Date of Award


Degree Type


Degree Name

Doctor of Philosophy in Nursing



First Advisor

Donna Schwartz-Barcott


More than 1.4 million Americans reside in long term care facilities across the United States. Social and professional relationships are an integral component of everyday life within these environments. Few studies have systematically examined positive relationships that exist between residents and nursing assistants in long term care. A focused ethnography of a nursing home, one known for the quality of life experienced by its residents and located in the northeastern United States, was used to examine the nature of (1) interactions (2) positive relationships (their development and maintenance) between residents and nursing assistants, and (3) supportive environmental factors. Peace House (a pseudonym) was one of 30 nonprofit, continuing care facilities operated in the US by an order of Catholic Nuns committed to the care of the elderly poor. Participant observation took place primarily in public spaces over a four-week period. Interviews were conducted with ten Caucasian, English speaking and cognitively alert residents, including 9 women, 1 man and ranging in age from 74 to 103 and residing on a skilled nursing unit. Schatzman and Strauss’s fieldwork notation system was used to record and analyze data. Semi-structured taped interviews were transcribed, read and re-read and analyzed in relation to general themes. Credibility and trustworthiness were enhanced by member check and expert review of transcripts and findings.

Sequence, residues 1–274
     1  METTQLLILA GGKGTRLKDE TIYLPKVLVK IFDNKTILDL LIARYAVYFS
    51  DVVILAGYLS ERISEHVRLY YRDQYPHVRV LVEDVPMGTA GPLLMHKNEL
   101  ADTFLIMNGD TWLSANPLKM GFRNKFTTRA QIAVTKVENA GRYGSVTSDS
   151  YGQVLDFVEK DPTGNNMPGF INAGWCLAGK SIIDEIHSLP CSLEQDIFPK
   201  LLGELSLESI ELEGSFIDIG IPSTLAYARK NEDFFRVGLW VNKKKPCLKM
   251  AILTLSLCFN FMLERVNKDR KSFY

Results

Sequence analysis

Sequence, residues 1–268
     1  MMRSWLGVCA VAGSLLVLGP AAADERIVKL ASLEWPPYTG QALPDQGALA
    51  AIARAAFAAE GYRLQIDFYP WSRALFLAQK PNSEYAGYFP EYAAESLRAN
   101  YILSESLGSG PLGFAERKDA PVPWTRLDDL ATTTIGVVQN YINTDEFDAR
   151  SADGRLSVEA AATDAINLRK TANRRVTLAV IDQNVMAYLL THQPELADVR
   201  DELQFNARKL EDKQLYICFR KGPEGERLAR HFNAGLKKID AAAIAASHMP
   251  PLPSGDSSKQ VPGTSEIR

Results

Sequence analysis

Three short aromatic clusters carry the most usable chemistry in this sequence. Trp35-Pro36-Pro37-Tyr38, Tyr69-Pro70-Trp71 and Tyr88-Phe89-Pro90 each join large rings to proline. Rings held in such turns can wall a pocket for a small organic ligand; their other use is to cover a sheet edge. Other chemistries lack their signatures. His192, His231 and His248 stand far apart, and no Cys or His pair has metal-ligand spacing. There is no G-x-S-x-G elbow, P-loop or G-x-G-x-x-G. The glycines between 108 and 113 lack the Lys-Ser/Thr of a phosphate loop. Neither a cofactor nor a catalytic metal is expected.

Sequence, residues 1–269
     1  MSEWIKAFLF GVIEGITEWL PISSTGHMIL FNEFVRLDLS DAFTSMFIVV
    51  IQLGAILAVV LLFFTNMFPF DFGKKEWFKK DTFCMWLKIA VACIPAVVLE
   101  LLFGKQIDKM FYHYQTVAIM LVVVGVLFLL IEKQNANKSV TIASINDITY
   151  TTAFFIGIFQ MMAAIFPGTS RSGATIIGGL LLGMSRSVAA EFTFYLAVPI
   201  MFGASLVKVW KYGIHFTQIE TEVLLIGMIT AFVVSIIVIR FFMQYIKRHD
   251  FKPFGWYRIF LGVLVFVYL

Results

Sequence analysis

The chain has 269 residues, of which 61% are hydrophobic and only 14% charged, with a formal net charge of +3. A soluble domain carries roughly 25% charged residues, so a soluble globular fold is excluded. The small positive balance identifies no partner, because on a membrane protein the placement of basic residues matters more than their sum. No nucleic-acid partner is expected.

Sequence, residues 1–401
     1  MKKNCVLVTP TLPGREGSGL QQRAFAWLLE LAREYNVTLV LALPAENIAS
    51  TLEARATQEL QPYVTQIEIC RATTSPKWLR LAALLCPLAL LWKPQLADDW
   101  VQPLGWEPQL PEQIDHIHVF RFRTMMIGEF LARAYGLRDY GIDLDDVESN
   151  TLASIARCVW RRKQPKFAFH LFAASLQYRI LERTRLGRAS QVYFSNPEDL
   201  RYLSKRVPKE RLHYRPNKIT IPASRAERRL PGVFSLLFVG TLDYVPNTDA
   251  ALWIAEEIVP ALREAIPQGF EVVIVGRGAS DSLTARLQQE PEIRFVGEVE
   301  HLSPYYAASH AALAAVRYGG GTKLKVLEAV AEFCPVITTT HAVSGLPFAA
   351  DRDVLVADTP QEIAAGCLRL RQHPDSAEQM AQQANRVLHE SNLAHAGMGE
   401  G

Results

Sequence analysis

Overall, interactions in public spaces were resident-to-resident, social in nature, and initiated primarily by residents. On skilled units interactions were primarily initiated by staff to resident but controlled by the resident. Residents interviewed had at least one positive relationship with a direct caregiver, but differentiated as, specific, non-specific, or distant. The presence, or lack, of close familial relationships did not influence the forming of close personal relationships between residents and nursing assistants. Most of the residents were unable to describe how these relationships developed and were maintained over time due to memory lapses surrounding the initial period of transition. A number of public spaces and social and work opportunities existed that facilitated social interaction. The sisters and staff members supported positive relationships by allowing the residents to be themselves. Knowledge of individual resident preferences was communicated effectively among the staff, enabling residents to decide with whom and how they wished to establish a relationship. Implications from this study include expanding Kim’s (2000) conception of the nurse-client domain to encompass interactions that are prolonged and sustained over time, increasing research on transition periods into long term care and the importance of acknowledged individuality.



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